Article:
Monday, April 05, 2010

Foul weather toms

© By Othmar Vohringer

When the weather is cold, wet or windy many turkey hunters stay in camp. It is commonly assumed that hunters don’t have a chance when it rains or the wind is howling or when the temperature suddenly takes a nosedive.

Sure, these conditions aren’t the best turkey hunting weather unlike the warm, still and clear mornings. But when the weather turns the turkeys still have to eat and tend to their daily needs, and while they may not gobble as much as on a “perfect turkey day”, some lovesick toms still respond to your calling and make for some exiting experiences.

In the past I had some of my best hunts on some of the worst days weather wise. To start with you will have the woods and fields to yourself. To me it almost seems that turkeys know that when the weather turns bad hunters stay home and that makes them more relaxed.

One time I heard a gobbler during a thunderstorm. Each time when the thunder rolled trough the small valley and lightening flashed in the sky the toms would sound off as if in competition with the thunder. Just for the heck of it I started calling and sure enough one of the toms came very close, but never to where I needed him to make a clean shot. Still, it was a very exiting experience seeing that tom coming through the pouring rain gobbling his head off at me.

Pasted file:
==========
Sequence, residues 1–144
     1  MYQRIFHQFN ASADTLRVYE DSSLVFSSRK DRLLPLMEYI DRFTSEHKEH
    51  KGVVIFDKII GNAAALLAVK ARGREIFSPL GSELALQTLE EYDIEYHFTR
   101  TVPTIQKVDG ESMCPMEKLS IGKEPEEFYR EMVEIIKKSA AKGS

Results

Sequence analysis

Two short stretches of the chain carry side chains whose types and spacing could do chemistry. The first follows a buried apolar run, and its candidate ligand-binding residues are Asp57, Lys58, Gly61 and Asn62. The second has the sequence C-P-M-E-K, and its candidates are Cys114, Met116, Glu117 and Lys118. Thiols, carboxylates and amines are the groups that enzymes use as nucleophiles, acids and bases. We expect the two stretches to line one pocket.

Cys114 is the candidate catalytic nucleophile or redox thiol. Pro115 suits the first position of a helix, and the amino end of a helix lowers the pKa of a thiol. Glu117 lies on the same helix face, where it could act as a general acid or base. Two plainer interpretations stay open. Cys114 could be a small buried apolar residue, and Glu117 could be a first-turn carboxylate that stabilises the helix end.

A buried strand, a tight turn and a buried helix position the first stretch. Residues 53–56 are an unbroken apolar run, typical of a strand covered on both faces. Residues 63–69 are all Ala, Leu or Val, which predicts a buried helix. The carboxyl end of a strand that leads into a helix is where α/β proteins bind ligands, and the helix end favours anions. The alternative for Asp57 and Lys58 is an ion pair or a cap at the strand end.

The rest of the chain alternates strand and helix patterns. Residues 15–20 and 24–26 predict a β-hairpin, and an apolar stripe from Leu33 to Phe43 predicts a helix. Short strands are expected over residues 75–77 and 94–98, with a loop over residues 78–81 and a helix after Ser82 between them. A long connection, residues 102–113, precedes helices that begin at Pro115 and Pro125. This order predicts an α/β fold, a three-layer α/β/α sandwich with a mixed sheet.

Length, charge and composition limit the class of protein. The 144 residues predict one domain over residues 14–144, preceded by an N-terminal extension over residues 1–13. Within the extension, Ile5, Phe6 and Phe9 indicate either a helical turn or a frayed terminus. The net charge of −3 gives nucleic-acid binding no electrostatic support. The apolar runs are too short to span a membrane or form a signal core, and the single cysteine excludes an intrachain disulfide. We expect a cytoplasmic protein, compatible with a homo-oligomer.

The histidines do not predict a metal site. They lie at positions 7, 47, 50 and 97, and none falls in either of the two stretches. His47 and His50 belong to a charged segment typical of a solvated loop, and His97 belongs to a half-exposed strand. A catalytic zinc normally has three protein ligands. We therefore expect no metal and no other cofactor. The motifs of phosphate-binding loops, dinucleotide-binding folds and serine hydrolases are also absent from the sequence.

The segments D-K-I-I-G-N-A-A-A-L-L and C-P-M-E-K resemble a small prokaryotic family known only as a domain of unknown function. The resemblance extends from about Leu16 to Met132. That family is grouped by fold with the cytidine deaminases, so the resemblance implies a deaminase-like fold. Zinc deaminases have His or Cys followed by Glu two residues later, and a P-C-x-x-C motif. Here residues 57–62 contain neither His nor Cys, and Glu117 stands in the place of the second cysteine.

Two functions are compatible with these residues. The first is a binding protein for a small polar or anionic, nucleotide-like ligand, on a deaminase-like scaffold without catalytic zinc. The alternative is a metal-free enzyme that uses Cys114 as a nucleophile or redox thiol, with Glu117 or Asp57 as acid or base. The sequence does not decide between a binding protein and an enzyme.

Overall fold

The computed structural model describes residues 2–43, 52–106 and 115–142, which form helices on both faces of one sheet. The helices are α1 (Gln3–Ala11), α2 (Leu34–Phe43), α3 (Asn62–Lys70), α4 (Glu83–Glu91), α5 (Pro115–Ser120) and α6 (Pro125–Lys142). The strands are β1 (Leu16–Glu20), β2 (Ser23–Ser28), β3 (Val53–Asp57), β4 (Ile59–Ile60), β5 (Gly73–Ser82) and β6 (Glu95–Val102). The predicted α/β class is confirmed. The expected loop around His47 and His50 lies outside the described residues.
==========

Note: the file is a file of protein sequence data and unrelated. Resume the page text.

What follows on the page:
If the weather is nasty I try to get closer to the roosting tree. Provided the terrain permits me to approach the roosting tree unseen by the turkeys I like to get within 50 yards or even less. I set up where I can see the birds still roosting in the tree. By daylight, as soon the tom get ready to fly down, I start calling and that often entices him to fly from the tree and come right in.

Hunting turkeys in bad weather is not easy but then again the only time you don’t have a chance to bag a tom is when you stay in camp. If you planed a day of hunting, maybe even have taken a day of work, then go regardless of what the weather conditions are like. Like I said you can’t bag a tom if you stay home.

Photo Caption: Sandy Okonski shot her first ever gobbler on a rainy, wet and cold May morning. Read the full story here

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